Women in Robotics: Building Smart Robots with AI

Saturday, May 20th, 2017

Wednesday May 31, 2017 at 6:00 p.m. hear about the work of Dr. Sanja Fidler, Assistant Professor in Machine Learning and Computer Vision, University of Toronto and Dr. Inmar Givoni, Director of Machine Learning at Kindred Systems Inc., as part of “Women in Robotics: Building Smart Robots with AI”.

Day & Time: Wednesday May 31, 2017
6:00 p.m. – 9:00 p.m.

Speakers: Dr. Sanja Fidler, Assistant Professor, Department of Computer Science, University of Toronto
Dr. Inmar Givoni, Director, Machine Learning, Kindred Systems Inc.

Location: To be Announced

Organizers: IEEE Toronto Engineering in Medicine and Biology Society (EBMS), IEEE Women in Engineering, Society of Women Engineers Toronto

RVSP: https://www.meetup.com/Get-Your-Bot-On-Robotics-Hackathon/events/240003715/

Agenda:
6:00 pm – Networking
6:30 pm – Welcome
6:40 pm – Speakers
7:30 pm – Panel Discussion – Women in Robotics
8:00 pm – Networking
9:00 pm – Close

Get Your Bot On!, its partners Society of Women Engineers Toronto, IEEE Toronto Engineering in Medicine and Biology Society (EBMS) and IEEE Women in Engineering are pleased to bring you the ‘Women in Robotics Speaker Series’. This series celebrates the work of women in the field of robotics and provides a forum for them to share their work and career with the community. We invite all community members to come and learn, participate in the discussion, and celebrate the contribution of women to this field.

Biography:
Dr. Sanja Fidler, Assistant Professor, Department of Computer Science, University of Toronto

Dr. Sanja Fidler is an Assistant Professor at the Department of Computer Science, University of Toronto. She is the recipient of the Amazon Academic Research Award (2017) and the NVIDIA Pioneer of AI Award (2016). Previously she was a Research Assistant Professor at TTI-Chicago a philanthropically endowed academic institute located in the campus of the University of Chicago. She completed her PhD in computer science at University of Ljubljana in 2010, and was a postdoctoral fellow at University of Toronto during 2011-2012.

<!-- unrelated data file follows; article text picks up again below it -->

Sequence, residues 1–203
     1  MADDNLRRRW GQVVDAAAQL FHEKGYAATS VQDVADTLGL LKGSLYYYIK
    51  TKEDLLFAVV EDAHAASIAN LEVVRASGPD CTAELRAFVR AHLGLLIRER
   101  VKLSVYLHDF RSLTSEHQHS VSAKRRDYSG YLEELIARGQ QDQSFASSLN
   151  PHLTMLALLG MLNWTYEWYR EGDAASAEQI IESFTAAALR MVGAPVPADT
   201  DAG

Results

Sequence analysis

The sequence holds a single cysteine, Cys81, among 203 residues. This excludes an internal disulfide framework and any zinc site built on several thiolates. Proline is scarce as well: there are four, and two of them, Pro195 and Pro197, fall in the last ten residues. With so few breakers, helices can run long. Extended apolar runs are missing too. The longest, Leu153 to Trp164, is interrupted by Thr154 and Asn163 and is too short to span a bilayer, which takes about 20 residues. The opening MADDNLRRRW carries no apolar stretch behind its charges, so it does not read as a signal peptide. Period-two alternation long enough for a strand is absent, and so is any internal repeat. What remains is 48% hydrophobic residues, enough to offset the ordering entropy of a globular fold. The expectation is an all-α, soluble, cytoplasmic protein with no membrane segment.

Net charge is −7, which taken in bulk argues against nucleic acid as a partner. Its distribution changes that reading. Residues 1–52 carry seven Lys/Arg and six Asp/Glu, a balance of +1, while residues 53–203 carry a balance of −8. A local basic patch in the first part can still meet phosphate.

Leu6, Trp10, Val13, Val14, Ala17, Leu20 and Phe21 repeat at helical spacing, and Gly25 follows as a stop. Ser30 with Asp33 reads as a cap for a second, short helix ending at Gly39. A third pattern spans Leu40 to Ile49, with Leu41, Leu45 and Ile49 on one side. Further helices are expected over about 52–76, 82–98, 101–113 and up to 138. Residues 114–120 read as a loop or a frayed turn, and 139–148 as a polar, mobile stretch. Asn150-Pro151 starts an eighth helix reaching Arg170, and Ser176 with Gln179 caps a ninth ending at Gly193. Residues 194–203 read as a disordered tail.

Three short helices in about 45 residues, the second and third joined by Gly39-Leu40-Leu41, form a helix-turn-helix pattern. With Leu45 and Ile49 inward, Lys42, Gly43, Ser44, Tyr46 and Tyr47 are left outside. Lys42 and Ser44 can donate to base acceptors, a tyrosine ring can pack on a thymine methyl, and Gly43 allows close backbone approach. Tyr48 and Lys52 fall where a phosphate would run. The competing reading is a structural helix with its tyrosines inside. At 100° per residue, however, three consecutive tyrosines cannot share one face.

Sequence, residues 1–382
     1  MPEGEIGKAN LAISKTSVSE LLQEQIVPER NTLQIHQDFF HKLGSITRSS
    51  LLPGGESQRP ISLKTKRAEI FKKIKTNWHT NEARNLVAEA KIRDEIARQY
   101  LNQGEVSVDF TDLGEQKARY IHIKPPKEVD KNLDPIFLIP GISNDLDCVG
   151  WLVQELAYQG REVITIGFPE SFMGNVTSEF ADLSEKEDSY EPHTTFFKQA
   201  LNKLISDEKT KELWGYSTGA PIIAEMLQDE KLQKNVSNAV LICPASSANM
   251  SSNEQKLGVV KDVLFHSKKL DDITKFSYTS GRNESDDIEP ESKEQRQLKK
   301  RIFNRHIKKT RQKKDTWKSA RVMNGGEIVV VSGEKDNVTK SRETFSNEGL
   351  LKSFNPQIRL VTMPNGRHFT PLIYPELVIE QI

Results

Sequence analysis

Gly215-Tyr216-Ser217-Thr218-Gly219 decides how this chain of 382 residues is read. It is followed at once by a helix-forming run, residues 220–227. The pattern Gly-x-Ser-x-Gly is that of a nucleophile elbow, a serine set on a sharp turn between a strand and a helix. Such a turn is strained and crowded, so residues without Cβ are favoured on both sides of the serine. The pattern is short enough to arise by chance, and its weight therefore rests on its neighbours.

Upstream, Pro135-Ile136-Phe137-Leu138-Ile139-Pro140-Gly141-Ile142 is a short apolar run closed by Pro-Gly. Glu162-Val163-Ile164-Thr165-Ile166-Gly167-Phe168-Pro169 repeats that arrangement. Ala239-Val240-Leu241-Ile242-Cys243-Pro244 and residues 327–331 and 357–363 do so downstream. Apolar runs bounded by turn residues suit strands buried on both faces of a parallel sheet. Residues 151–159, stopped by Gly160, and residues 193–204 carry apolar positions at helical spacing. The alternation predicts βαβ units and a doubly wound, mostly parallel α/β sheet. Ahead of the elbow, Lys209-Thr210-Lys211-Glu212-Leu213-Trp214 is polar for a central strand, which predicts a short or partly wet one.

In 2010 she visited UC Berkeley. She has served as a Program Chair of the 3DV conference, and as an Area Chair of CVPR, EMNLP, ICCV, ICLR, and NIPS. Together with Rich Zemel and Raquel Urtasun, she received the NVIDIA Pioneer of AI award.

Her main research interests are object detection, 3D scene understanding, and the intersection of language and vision.

You can find Dr. Fidler on the web at http://www.cs.toronto.edu/~fidler/

Dr. Inmar Givoni, Director, Machine Learning, Kindred Systems Inc.

Dr. Inmar Givoni is the Director of Machine Learning at Kindred, where her team develops algorithms for machine intelligence, at the intersection of robotics and AI. Prior to that, she was the VP of Big Data at Kobo, where she led her team in applying machine learning and big data techniques to drive e-commerce, customer satisfaction, CRM, and personalization in the e-pubs and e-readers business. She first joined Kobo in 2013 as a senior research scientist working on content analysis, website optimization, and reading modelling among other things. Prior to that, Inmar was a member of technical staff at Altera (now Intel) where she worked on optimization algorithms for cutting-edge programmable logic devices.

Inmar received her PhD (Computer Science) in 2011 from the University of Toronto, specializing in machine learning, and was a visiting scholar at the University of Cambridge. During her graduate studies, she worked at Microsoft Research, applying machine learning approaches for e-commerce optimization for Bing, and for pose-estimation in the Kinect gaming system. She holds a BSc in computer science and computational biology from the Hebrew University in Jerusalem. She is an inventor of several patents and has authored numerous top-tier academic publications in the areas of machine learning, computer vision, and computational biology. She is a regular speaker at big data, analytics, and machine learning events, and is particularly interested in outreach activities for young women, encouraging them to choose technical career paths.

You can find Dr. Givoni on the web at http://www.inmarg.net/

Designing a Gamification Course for an Higher Education Audience

Friday, May 12th, 2017